Contemporary alternative spirituality, as studied by sociologists, is usually seen as a recent phenomenon dating from the 1960s and 1970s. However, when viewed from a longer-term perspective this form of religious expression is actually seen to reintroduce concepts that recur throughout Western cultural history. This book argues, therefore, that spirituality in the 21st Century actually shares many of the same characteristics as Classical, Mediaeval, Renaissance and Modern spiritualities. It is neither entirely new, nor is it clearly alternative to more established religions. The book is divided into two parts. The first sets out the context in which contemporary alternative spirituality has formed, charting its development as an academic term and a social phenomenon. The second part looks at how these two elements have developed in countries that are historically Catholic, focussing on specific examples in contemporary Italy: spiritualities based on the sacralisation of nature; those concerned with health and wellbeing; and those which are fascinated by mystery.Catholic majority countries are particularly interesting in this instance, as the Catholic Church has a unique cultural hegemony with which to compare alternative spiritual practices. It concludes that spirituality, if framed in a longer historical perspective, is a way of acting and seeing the world which was built, and continues to be built upon complex relations with various contradictory sources of authority, such as religion, magic thinking, secularism, rationalism, various spheres of lay culture. This is a bold take on the spirituality milieu and as such will be of great interest to scholars of Religious Studies working on the sociology of religion, contemporary spirituality and the rise of the "spiritual but not religious".
One of the fastest growing religious movements in the Western world, neo-shamanism embraces notions and techniques borrowed from various tribal peoples and adapted to the life of contemporary urban dwellers. Until the twenty-first century, the neo-shamanism found in northern Europe differed little from neo-shamanism elsewhere in the Western world. In the new millennium, a Sámi and Nordic version of neo-shamanism came into being, along with a new focus on the uniqueness of the arctic north, expressed through New Age courses and events. The Norwegian New Age scene is increasingly overrun with Sámi and Nordic shamans, symbols, and traditions. Contemporary Shamanisms in Norway examines the construction of this Sámi neo-shamanistic movement and argues that it fits into the broader ethno-political search for a Sami identity. Drawing on ten years of ethnographic research, Trude Fonneland highlights the values important to neo-shamans' self-development and their marketing of shamanistic products and services. She explores Sáami and Nordic neo-shamans' promotion of Arctic nature, their negotiations of gender in neo-shamanism, and their ritual inventions. Focusing on contemporary shamanism in Norway and Nordic contexts, Fonneland argues that the spiritual quest in Nordic countries has developed surprising and innovative forms of spirituality that call for a reevaluation of the relationship between religion and the secular world.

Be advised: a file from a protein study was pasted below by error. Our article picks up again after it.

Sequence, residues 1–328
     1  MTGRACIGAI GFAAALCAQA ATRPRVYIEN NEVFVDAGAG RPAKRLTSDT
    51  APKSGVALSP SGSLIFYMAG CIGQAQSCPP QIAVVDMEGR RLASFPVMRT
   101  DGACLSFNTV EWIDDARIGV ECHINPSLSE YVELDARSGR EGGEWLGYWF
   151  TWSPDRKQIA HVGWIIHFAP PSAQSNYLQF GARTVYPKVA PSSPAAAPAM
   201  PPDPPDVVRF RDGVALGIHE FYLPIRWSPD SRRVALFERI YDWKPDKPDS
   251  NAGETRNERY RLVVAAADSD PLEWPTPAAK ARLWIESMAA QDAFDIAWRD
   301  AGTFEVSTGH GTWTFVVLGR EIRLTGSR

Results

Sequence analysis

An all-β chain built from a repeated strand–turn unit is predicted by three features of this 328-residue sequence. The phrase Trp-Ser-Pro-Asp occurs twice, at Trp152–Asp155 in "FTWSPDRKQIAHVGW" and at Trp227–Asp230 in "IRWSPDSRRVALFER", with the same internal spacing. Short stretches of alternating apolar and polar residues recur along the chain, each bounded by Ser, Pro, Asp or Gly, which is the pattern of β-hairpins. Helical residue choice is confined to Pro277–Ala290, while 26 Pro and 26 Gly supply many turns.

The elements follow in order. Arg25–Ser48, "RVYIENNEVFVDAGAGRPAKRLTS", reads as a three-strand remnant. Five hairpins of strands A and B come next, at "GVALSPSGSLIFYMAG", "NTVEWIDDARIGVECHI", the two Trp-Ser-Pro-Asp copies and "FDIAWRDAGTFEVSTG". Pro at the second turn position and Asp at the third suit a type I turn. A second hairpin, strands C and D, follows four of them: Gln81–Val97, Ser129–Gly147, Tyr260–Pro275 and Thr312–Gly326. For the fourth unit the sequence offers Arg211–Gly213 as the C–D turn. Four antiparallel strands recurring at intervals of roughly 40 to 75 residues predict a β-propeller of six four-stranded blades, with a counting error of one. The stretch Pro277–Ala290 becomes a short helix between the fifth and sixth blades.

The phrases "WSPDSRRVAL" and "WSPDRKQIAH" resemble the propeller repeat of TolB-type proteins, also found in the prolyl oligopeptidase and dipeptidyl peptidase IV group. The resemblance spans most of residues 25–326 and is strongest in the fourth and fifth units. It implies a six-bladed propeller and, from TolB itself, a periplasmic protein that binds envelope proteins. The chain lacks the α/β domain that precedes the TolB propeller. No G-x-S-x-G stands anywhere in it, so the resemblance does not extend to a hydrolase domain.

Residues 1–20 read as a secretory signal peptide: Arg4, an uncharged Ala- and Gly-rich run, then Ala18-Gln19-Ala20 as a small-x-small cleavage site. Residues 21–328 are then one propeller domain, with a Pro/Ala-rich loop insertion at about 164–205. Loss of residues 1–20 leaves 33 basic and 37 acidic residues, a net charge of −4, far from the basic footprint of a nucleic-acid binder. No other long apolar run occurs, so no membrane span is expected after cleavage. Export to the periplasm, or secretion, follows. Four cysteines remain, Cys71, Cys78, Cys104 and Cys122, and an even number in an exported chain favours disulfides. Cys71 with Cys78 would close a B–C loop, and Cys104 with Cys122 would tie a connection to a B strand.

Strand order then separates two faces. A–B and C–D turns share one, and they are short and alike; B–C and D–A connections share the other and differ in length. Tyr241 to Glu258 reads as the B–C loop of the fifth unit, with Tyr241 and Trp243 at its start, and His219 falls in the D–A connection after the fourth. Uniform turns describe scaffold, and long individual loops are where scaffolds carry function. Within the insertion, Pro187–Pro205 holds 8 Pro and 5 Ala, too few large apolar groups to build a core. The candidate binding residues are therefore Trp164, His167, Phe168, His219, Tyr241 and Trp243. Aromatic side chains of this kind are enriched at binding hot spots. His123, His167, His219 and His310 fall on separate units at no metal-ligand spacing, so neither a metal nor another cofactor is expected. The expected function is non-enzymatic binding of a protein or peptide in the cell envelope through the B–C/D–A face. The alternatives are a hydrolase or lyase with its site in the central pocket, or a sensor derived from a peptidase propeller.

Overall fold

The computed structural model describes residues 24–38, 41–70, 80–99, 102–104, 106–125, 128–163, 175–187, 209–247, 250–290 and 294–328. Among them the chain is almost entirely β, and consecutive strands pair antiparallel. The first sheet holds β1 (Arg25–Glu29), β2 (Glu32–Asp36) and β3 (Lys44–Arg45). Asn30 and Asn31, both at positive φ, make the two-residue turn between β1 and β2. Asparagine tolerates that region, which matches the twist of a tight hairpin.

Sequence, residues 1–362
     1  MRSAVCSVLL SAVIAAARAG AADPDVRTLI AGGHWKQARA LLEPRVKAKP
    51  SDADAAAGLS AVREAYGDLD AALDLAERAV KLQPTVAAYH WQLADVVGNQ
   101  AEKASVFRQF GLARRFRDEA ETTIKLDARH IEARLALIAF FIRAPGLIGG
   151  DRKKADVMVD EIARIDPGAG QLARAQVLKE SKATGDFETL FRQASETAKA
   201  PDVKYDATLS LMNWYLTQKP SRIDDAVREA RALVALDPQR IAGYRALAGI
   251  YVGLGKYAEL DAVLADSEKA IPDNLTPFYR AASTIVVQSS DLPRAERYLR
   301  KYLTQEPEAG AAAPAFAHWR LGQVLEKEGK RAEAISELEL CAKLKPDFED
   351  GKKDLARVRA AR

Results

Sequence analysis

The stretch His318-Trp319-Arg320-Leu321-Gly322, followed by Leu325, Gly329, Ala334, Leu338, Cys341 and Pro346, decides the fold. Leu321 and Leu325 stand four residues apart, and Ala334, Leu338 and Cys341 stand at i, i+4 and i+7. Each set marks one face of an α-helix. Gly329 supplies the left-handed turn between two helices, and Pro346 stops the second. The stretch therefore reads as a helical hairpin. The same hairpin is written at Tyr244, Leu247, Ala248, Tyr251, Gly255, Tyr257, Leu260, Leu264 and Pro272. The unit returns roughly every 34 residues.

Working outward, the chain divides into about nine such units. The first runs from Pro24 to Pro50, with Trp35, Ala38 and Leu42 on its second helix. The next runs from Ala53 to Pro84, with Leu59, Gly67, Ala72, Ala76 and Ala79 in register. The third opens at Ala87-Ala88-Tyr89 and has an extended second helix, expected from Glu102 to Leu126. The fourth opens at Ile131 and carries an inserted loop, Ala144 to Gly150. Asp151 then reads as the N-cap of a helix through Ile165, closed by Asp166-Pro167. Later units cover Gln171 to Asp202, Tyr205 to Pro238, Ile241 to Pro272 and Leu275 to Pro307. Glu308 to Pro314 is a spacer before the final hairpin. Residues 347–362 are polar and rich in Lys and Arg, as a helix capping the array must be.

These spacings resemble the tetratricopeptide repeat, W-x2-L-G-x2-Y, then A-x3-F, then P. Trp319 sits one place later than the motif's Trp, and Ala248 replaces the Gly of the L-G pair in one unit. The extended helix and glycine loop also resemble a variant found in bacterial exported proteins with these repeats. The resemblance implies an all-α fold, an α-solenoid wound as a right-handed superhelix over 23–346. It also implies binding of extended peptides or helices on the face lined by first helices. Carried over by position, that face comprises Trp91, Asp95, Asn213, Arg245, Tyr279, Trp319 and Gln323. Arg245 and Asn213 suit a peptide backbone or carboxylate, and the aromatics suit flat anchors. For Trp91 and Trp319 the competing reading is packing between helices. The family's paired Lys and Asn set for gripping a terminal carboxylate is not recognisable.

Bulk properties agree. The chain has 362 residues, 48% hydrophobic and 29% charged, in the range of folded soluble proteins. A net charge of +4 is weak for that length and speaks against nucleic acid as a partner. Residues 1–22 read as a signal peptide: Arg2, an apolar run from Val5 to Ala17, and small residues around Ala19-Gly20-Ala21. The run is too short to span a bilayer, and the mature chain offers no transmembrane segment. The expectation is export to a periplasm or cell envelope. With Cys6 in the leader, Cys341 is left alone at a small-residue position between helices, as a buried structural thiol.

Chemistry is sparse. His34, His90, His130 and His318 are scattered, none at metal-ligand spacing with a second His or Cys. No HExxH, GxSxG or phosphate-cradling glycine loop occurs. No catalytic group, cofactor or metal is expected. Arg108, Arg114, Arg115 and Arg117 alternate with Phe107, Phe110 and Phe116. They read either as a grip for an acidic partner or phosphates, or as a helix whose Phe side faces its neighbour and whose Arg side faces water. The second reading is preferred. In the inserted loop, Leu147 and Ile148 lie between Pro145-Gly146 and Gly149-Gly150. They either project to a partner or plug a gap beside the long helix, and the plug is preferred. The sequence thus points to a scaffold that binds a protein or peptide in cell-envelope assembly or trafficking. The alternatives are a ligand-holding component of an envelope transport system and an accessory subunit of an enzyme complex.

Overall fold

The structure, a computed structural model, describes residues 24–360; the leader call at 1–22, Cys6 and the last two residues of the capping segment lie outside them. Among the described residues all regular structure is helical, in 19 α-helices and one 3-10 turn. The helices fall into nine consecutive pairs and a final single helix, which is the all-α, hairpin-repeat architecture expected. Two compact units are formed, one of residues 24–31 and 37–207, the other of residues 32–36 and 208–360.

Indigenous religion(s) are afterlives of a particular sort, shaped by globalizing discourses on what counts as an indigenous religion on the one hand and the continued presence of local traditions on the other. Focusing on the Norwegian side of Sápmi since the 1970s, this book explores the reclaiming of ancestral pasts and notions of a specifically Sámi religion. It connects religion, identity- and nation building, and takes seriously the indigenous turn as well as geographical and generational distinctions. Focal themes include protective activism and case studies from the art and culture domain, both of which are considered vital to the making of indigenous afterlives in indigenous formats. This volume will be of great interest to scholars of Global Indigenous studies, Sámi cultural studies and politics, Ethnicity and emergence of new identities, Anthropology, Studies in religion and folklore studies.
Minority religions, not only New Religious Movements, are explored in this innovative book including the predicament of ancient religions such as Zoroastrianism, ‘old new’ religions such as Baha’i, and traditional religions that are minorities elsewhere. The book is divided into two parts: the gathering of data on religious minorities ("mapping"), and the ways in which governments and interest groups respond to them ("monitoring"). The international group examine which new religions exist in particular countries, what their uptake is, and how allegiance can be ascertained. They explore a range of issues faced by minority religions, encompassing official state recognition and registration, unequal treatment in comparison with a dominant religion, how changes in government can affect how they fare, the extent to which members are free to practise their faith, how they sometimes seek to influence politics, and how they can be affected by harassment and persecution. Bringing together debates concerning the social and political issues facing new religions in Europe and the Middle East, this collection extends its focus to Middle Eastern minority faiths, enabling exposition of spiritual movements such as the Gülen Movement, Paganism in Israel, and the Zoroastrians in Tehran.
Narrative Cultures and the Aesthetics of Religion studies narrativity as situated modes of engaging with reality in religious contexts across the globe, equally shaped by the immersive character of the stories told and the sensory qualities of their performances.